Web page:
Although Mr Doubler Begins Again is about an elderly man, it feels to me like a Bildungsroman. Mr Doubler is learning how to be himself, a better version of himself, after the loss of his identity as a husband. The rest of the characters are similarly adapting to new stages in their lives, whether that’s a husband being put into a care home or retirement from a rewarding line of work. It’s very cohesive, without seeming repetitive.
But Mrs Millwood thought he was kind and brave. Doubler wondered if it might be possible to become those things just through her belief in him.— Mr Doubler Begins Again, Seni Glaister
I was talking to Nickie — actually before I read this book — about what you call a love story when it isn’t a capital-R Romance, and we talked about Bridget Jones’s Diary and how it’s actually about discovering a life outside the very narrow margins of the fall in love, get married, live happily ever after story that we’re familiar with. Mr Doubler Begins Again feels like it fits the same criteria: it’s a novel about what happens after (long after) the happy ending. There is a love story, too, which is simultaneously integral to the plot — the book doesn’t really get good until Mrs Millwood is introduced — and yet ends in such a way as to feel superfluous to Mr Doubler’s character development.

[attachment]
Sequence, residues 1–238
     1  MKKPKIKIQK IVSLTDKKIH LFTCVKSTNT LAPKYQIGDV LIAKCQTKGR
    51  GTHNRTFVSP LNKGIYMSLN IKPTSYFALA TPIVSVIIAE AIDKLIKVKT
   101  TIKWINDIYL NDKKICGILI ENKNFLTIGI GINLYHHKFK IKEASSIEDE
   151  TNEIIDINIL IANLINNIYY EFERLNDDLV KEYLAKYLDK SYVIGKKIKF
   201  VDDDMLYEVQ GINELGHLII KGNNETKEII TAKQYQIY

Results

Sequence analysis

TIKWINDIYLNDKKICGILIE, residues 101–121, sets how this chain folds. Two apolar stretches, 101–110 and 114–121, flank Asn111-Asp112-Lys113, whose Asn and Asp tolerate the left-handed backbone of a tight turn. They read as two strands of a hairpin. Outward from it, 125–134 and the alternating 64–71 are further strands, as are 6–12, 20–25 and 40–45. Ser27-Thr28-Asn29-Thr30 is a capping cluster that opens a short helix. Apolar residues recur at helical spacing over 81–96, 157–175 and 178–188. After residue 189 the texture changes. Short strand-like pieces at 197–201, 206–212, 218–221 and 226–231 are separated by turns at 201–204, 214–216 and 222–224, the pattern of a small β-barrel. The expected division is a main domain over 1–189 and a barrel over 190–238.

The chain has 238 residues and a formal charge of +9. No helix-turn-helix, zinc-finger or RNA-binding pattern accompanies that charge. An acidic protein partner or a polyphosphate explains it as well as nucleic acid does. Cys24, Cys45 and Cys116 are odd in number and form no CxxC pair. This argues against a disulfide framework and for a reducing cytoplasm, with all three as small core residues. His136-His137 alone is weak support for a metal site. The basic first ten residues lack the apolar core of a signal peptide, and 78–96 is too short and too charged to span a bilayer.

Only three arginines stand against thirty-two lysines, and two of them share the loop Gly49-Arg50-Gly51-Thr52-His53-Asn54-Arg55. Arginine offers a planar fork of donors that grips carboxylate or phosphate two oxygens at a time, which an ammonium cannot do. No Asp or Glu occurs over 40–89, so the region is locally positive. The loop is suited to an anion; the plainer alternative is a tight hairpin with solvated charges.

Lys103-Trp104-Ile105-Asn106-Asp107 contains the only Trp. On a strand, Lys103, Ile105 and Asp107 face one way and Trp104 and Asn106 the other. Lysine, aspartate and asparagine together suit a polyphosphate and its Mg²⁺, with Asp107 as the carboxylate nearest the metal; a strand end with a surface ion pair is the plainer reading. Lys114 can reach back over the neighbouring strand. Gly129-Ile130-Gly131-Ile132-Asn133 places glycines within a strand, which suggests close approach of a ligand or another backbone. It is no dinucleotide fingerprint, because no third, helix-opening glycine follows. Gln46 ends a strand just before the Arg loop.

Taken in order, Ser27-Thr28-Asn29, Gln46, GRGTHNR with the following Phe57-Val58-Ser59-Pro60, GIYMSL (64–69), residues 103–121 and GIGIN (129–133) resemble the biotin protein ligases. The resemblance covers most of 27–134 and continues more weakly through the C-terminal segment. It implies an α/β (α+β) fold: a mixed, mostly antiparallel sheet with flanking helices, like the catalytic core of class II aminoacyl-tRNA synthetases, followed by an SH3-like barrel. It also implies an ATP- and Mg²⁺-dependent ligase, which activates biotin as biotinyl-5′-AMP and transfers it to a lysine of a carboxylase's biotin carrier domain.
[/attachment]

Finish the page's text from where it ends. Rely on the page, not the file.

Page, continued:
Apart from feeling like the very beginning was trying a bit too hard, I really enjoyed Mr Doubler Begins Again, and I’ll definitely be keeping an eye out for anything else Seni Glaister writes or has written. I’d recommend especially to people who enjoyed films like The Best Exotic Marigold Hotel, Calendar Girls and The Intern.